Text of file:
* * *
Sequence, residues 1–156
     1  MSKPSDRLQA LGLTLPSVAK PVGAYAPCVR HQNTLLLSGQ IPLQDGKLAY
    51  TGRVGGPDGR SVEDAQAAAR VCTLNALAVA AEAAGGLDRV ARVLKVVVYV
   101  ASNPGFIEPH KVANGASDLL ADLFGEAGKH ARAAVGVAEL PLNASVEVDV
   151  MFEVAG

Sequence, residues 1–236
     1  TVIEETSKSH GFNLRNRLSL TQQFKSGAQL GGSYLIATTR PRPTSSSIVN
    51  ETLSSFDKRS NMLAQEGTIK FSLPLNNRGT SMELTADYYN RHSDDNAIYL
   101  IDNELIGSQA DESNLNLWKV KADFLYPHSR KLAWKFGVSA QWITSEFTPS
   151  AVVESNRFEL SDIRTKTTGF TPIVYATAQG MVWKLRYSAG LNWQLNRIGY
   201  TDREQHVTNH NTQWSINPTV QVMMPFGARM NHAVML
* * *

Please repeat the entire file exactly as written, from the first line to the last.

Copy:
Sequence, residues 1–156
     1  MSKPSDRLQA LGLTLPSVAK PVGAYAPCVR HQNTLLLSGQ IPLQDGKLAY
    51  TGRVGGPDGR SVEDAQAAAR VCTLNALAVA AEAAGGLDRV ARVLKVVVYV
   101  ASNPGFIEPH KVANGASDLL ADLFGEAGKH ARAAVGVAEL PLNASVEVDV
   151  MFEVAG

Sequence, residues 1–236
     1  TVIEETSKSH GFNLRNRLSL TQQFKSGAQL GGSYLIATTR PRPTSSSIVN
    51  ETLSSFDKRS NMLAQEGTIK FSLPLNNRGT SMELTADYYN RHSDDNAIYL
   101  IDNELIGSQA DESNLNLWKV KADFLYPHSR KLAWKFGVSA QWITSEFTPS
   151  AVVESNRFEL SDIRTKTTGF TPIVYATAQG MVWKLRYSAG LNWQLNRIGY
   201  TDREQHVTNH NTQWSINPTV QVMMPFGARM NHAVML